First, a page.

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Supreme Court Will Hear Challenge To Confession Use in Murder Case

The Supreme Court agreed to hear an appeal in the case of a murder-for-hire ordered by the onetime leader of a violent international crime ring. The justices will review the case of Adam Samia, who is serving a life sentence for killing a real estate broker in the Philippines. Samia acted for Paul LeRoux, a South African who led the crime organization and cooperated with federal authorities after his arrest in 2012, prosecutors said. LeRoux ordered the killing of the broker, Catherine Lee, because he believed Lee had stolen money from him.

Samia’s lawyers challenge prosecutors’ use of a confession made by another man, a co-defendant in his murder trial, that they say implicated Samia in violation of his constitutional rights, the Associated Press reports. The co-defendant did not testify in his own defense, so Samia’s lawyers could not question him.

The Supreme Court has previously imposed limits on the use of a confession in these circumstances, including that the defendant’s name must be removed. Samia’s lawyers argue that, even with the redactions, the confession still pointed unmistakably and unfairly at him. Samia has denied any involvement in the killing and his lawyers say no physical evidence links him to the crime. Samia was one of three men convicted in Lee’s murder.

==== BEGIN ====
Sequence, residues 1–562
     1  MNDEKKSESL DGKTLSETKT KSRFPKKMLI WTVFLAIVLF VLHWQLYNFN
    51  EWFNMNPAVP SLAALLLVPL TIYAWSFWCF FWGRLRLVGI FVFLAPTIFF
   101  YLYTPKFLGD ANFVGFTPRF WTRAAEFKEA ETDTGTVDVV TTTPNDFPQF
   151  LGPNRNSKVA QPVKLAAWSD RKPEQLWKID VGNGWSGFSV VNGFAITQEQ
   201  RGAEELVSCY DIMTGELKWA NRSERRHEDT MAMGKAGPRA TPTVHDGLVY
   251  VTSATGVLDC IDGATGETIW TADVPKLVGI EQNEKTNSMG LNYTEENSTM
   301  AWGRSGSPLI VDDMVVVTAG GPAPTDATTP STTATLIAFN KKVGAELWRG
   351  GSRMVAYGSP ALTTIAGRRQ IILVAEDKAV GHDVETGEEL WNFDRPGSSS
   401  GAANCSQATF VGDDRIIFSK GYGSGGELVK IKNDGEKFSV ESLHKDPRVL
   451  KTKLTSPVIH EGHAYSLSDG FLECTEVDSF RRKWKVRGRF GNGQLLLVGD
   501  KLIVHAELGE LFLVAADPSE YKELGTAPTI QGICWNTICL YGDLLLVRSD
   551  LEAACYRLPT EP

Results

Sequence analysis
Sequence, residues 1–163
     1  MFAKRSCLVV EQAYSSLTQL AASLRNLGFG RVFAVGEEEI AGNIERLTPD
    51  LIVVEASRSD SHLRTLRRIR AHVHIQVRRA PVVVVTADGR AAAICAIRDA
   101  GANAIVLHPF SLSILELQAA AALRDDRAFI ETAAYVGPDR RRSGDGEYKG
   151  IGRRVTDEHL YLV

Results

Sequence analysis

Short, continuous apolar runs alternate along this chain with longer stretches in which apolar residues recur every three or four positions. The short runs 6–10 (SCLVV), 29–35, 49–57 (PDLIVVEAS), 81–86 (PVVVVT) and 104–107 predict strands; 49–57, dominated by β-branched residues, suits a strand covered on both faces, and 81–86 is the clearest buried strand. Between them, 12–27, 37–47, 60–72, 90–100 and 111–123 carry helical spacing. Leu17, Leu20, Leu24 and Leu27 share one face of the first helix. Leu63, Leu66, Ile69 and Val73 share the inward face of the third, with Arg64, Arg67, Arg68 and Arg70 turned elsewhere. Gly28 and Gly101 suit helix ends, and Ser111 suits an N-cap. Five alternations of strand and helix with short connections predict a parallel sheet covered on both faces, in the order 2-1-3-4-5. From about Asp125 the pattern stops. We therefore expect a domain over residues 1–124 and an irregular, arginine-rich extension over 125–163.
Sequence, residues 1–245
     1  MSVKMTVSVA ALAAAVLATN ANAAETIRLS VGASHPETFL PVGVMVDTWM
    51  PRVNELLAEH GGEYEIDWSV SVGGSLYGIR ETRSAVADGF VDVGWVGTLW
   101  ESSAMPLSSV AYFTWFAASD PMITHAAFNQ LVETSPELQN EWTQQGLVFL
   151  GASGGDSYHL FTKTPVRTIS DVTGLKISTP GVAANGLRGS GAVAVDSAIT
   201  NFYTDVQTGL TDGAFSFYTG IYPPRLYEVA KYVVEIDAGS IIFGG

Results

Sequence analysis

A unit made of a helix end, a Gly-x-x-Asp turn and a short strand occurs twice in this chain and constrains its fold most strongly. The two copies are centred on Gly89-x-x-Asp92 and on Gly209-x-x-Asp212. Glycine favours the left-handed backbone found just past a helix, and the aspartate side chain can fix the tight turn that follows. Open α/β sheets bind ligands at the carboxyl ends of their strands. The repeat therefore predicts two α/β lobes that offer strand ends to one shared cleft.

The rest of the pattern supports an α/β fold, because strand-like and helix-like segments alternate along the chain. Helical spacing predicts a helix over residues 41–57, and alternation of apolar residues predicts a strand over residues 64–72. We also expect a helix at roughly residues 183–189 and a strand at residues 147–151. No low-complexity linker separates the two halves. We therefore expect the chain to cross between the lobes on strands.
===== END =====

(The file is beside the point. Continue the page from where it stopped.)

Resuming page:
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A daily report co-sponsored by Arizona State University, Criminal Justice Journalists, and the National Criminal Justice Association

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